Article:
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  • Esther Tarpoff, American Angus Association

How do you know?

Angus members are dedicated to quality data collection. With an update alongside the Fall Sire Evaluation Report May 24, phenotypes in the genetic evaluation will be differentiated from those that are not. 

Since 2021, phenotypic traits submitted to Angus Herd Improvement Records (AHIR®) have been listed in a variety of places including the performance registration certificate and EPD (expected progeny differences)/Pedigree Lookup. By adding these traits, it provides visibility to members submitting phenotypes on animals and continuing to fuel the genetic evaluation. 

Taking it one step further, some traits listed will be bolded in the list while other traits are not. This will differentiate what phenotypes are included in the genetic evaluation and which traits are not. The phenotypes included in the genetic evaluation would help to inform the predictions for EPDs.

What will it look like?

On EPD Pedigree Lookup, phenotypic traits are listed under the carcass EPDs and dollar value indexes ($Values).

Fig. 1 shows an example of phenotypic traits from EPD/Pedigree Lookup. As the footnote indicates, traits that are bolded are included in the genetic evaluation. 

In this example, this animal had a calving ease score, birth weight, weaning weight, yearling weight, heifer breeding records, mature weight, mature height, docility score, claw score, angle score and carcass ultrasound data submitted to AHIR. Of the traits listed, the calving ease score is not included in the evaluation because the animal was not born from a first-calf heifer. 

Fig. 2 shows a second example of phenotypic traits. This animal had a calving ease score, birth weight, weaning weight, yearling weight, yearling height, scrotal circumference, docility score, claw score and angle score submitted to AHIR. This animal does not have any of the phenotypes in the genetics evaluation, as the animal was in a single-animal contemporary group starting at birth.

Why would traits not be in the evaluation?

A common question is, “Why are phenotypes not included in the evaluation?” There are a variety of possible answers to this question, most of which you can answer by looking at your AHIR reports in AAA Login (Login > Reports > AHIR/Work History Reports).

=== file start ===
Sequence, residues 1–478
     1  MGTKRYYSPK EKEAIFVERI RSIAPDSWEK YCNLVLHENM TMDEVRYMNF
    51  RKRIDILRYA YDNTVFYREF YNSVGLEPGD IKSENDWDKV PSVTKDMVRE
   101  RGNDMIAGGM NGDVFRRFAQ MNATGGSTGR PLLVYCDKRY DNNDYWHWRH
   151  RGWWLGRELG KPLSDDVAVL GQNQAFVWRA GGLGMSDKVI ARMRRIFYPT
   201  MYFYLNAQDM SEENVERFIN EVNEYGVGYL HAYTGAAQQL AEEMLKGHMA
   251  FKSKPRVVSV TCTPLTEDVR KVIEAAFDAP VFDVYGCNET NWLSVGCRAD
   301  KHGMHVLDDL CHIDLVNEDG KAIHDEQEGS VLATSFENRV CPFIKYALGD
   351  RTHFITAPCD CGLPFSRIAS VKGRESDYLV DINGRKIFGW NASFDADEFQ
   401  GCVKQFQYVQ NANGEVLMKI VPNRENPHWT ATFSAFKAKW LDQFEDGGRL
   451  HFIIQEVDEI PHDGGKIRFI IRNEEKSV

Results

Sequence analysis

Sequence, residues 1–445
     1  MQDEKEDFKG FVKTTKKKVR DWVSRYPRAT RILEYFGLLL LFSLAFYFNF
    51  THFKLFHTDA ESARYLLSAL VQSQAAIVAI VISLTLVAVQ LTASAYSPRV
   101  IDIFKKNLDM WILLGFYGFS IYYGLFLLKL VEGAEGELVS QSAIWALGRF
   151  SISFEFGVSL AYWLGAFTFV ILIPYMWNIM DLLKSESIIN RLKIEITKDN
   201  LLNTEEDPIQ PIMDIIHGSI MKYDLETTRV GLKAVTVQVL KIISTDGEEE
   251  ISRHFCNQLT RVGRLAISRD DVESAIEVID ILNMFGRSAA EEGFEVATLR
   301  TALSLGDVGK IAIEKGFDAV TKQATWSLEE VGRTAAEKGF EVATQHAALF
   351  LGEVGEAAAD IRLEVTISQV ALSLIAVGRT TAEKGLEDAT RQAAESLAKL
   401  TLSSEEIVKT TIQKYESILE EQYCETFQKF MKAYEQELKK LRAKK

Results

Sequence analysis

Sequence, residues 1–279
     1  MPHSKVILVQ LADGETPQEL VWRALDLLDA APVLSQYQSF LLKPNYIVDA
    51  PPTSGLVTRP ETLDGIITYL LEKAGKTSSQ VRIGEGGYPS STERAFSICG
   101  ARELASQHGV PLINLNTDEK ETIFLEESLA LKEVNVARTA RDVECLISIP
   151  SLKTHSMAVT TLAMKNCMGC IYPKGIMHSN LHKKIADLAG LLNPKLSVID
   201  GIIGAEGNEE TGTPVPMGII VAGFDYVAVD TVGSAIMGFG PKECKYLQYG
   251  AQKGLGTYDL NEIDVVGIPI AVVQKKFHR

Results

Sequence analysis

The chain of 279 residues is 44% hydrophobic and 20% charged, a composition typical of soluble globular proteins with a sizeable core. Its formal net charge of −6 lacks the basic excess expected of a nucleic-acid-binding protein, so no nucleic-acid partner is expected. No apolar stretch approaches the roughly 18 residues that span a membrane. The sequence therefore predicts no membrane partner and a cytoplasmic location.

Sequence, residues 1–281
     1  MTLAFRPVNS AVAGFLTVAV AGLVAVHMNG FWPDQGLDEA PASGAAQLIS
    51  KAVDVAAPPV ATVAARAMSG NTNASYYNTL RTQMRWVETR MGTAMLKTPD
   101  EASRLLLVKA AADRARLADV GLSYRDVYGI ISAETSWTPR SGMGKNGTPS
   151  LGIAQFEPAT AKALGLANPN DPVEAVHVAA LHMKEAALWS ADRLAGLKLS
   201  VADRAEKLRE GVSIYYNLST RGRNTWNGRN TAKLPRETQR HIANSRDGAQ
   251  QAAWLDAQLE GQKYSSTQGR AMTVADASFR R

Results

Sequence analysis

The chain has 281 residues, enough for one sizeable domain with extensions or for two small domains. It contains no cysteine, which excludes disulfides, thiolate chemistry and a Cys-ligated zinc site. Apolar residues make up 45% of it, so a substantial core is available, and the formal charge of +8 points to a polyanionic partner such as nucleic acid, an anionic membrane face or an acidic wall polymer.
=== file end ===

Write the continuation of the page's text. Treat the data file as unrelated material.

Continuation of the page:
Has the data had the opportunity to be included in the genetic evaluation? The Association’s genetic evaluation starts each Friday evening, and results are updated online the following Friday morning. Data submitted Monday–Friday would have the opportunity to be included in the evaluation results the following Friday. The list of phenotypic bolded traits will update each Friday morning alongside EPDs.


Was the data collected following the data collection guidelines from the Association? Phenotypes need to be collected using the appropriate tools (i.e., scales for weights or for scores following the scoring guides from the Association). Measures also need to be collected within the correct age window. 

For example, weaning weights must be collected on calves between 120–280 days of age. 

Contemporary group

Is the animal in a single-animal contemporary group? No single-animal contemporary groups are used in the genetic evaluation. Most traits require a minimum of two head in a contemporary group. Some traits, such as feed intake and pulmonary arterial pressure, require a minimum of five head in a contemporary group. 

Single-animal contemporary groups are one of the most common reasons phenotypes are not included in the evaluation. 

For more information on contemporary groups, visit to view a recent webinar titled “Creating Contemporary Groups.” 


Was there variation in the phenotypes? For traits that are scored, such as foot scores or docility, variation within a group is required. 

For example, if foot scores (claw and angle) are being collected on a group of yearling animals and there is no variation at that time, consider waiting until the animals are a little older to score.

Embryo transfer calves

Was the animal an embryo transfer (ET) calf? Conventional ET calves born to unregistered recipients do not have their birth, weaning or yearling weights included in the evaluation. However, conventional ET calves that are born to recipients registered with the Association do have the opportunity to have their weights included in the genetic evaluation. In vitro fertilization (IVF) ET calves, regardless of recipient dam, do not have their birth, weaning, or yearling weights included in the genetic evaluation.

While there might be cases that are not explained by the list above, those are the most common reasons phenotypes are excluded from the evaluation. As you continue to dedicate time and effort to collecting phenotypes to make more accurate genetic selection tools, be sure to follow data collection guidelines to have the data included in the genetic evaluation.


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